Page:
Interstitial pneumonia in simian immunodeficiency virus infection

A. Baskerville*, A. D. Ramsay, B. J. Addis, Michael Dennis, R. W. Cook, M. P. Cranage, P. J. Greenaway

*Corresponding author for this work

Research output: Contribution to journalArticlepeer-review

12 Citations (Scopus)


Interstitial pneumonia unrelated to Pneumocystis carinii or other infections was observed histopathologically in 5 of 25 rhesus monkeys infected with simian immunodeficiency virus (SIV). The predominant lesion was lymphocytic infiltration of interalveolar septa and hyperplasia of peribronchial and perivascular lymphoid tissue. Immunohistochemical staining using a panel of antibodies against human T and B lymphocytes, macrophages, and immunoglobulins showed that peribronchial aggregates and interstitial infiltrates were predominantly B cells, whereas perivascular masses consisted mainly of T cells. One animal with a primary B‐cell lymphoma of the spinal cord had secondary plasmacytoid lymphomatous nodules throughout the lung which were accompanied locally by reactive B‐cell lymphoid follicles. Another animal also had large areas of diffuse alveolar fibrosis and epithelial metaplasia to a bronchiolar type. In two monkeys, branches of the pulmonary arteries showed intimal proliferation and organizing occlusive thrombi, some of Which were mineralized.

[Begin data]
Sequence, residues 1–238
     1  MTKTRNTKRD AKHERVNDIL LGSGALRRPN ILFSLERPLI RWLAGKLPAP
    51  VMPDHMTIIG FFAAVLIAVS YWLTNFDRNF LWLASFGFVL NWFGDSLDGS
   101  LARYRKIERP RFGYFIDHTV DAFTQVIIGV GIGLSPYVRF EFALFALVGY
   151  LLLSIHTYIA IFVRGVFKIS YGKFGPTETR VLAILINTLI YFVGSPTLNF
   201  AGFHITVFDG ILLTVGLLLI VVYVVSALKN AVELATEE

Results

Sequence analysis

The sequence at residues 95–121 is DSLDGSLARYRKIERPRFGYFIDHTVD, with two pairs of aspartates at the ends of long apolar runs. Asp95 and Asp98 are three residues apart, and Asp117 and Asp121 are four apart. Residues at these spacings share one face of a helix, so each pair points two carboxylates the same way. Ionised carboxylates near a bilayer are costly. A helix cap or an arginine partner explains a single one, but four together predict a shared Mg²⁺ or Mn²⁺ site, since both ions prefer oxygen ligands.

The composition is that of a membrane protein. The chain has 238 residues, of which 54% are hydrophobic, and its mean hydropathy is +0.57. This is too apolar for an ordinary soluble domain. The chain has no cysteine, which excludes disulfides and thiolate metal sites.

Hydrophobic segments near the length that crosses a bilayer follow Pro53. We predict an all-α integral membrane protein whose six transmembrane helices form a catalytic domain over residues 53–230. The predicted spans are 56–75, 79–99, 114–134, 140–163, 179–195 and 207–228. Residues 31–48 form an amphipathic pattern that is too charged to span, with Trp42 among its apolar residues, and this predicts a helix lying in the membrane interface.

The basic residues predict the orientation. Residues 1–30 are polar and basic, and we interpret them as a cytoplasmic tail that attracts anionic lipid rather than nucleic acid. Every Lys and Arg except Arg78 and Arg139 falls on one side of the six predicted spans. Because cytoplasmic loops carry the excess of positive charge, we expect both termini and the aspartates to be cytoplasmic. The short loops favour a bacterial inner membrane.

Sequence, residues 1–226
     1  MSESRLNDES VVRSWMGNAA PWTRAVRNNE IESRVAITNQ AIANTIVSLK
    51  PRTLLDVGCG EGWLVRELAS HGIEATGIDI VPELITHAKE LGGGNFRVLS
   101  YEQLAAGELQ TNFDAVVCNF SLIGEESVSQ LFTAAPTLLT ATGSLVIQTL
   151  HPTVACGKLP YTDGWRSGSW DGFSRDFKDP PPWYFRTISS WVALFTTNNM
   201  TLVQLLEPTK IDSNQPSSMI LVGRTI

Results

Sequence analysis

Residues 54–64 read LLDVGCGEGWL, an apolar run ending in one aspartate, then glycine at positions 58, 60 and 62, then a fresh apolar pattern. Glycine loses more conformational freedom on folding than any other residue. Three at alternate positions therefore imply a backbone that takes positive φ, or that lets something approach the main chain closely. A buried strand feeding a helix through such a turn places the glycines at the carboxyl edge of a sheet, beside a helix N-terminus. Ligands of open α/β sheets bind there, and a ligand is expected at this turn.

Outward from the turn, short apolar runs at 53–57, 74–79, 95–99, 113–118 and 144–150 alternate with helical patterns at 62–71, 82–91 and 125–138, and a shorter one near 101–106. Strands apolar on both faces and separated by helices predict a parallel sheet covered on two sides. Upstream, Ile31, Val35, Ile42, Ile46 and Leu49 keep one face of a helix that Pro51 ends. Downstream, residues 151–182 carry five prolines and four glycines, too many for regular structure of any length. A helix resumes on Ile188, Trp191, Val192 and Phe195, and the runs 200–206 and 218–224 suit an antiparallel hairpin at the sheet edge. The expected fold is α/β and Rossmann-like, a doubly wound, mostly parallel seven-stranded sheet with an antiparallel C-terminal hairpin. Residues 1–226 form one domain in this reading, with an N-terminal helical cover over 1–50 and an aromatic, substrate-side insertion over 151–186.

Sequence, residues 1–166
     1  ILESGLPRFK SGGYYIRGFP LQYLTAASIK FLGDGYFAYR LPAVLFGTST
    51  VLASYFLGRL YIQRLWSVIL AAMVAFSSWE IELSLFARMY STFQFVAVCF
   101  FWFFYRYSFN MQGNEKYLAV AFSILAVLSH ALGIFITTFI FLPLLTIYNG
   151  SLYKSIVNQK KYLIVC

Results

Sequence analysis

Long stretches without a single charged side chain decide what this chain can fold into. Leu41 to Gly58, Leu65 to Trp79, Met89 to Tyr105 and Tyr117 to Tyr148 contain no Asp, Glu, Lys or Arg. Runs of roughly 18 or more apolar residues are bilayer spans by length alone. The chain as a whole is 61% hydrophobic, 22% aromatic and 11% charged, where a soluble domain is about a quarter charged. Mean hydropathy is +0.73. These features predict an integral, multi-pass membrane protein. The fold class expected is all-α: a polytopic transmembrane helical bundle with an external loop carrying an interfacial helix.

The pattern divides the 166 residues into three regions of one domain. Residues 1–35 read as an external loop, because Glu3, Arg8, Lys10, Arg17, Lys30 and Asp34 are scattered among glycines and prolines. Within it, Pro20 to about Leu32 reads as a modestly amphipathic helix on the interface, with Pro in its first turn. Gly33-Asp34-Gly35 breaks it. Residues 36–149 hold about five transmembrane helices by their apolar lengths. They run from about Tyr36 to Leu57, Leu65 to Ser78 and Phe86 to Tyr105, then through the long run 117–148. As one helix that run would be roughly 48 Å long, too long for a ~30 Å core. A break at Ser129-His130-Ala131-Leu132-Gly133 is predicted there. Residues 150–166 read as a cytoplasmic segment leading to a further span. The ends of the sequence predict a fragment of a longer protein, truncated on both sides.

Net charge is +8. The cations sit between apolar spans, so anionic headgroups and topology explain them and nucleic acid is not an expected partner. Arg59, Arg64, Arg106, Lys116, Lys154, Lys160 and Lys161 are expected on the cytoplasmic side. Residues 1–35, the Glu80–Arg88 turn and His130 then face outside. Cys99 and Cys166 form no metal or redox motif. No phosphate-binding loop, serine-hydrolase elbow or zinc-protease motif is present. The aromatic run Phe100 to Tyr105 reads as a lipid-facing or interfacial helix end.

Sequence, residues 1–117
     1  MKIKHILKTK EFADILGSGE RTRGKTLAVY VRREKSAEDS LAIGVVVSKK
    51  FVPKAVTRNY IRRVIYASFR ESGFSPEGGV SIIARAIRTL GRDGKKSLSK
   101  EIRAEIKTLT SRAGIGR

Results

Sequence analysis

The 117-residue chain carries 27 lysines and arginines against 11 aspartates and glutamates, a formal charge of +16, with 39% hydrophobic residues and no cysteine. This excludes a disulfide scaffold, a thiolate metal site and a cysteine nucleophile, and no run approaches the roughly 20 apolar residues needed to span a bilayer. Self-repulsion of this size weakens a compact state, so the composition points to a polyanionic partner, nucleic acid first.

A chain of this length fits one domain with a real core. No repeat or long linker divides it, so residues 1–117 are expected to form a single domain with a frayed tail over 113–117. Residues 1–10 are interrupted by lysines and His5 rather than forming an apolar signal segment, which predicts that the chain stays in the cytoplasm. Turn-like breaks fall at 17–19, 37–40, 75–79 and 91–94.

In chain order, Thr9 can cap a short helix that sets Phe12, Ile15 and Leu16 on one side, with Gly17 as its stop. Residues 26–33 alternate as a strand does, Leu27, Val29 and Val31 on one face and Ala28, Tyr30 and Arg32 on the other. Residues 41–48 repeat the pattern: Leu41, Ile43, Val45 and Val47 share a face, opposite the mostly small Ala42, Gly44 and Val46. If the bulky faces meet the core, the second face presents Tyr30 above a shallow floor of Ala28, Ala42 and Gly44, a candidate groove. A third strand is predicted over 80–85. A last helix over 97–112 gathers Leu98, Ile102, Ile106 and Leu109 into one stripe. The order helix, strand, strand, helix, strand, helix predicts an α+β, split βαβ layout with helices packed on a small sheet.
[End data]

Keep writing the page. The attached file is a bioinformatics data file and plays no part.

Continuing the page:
Original languageEnglish
Pages (from-to)241-247
Number of pages7
JournalThe Journal of Pathology
Issue number2
Publication statusPublished - Jun 1992


  • Non‐human primates
  • immunodeficiency
  • immunohistochemistry
  • interstitial pneumonia
  • secondary lymphoma


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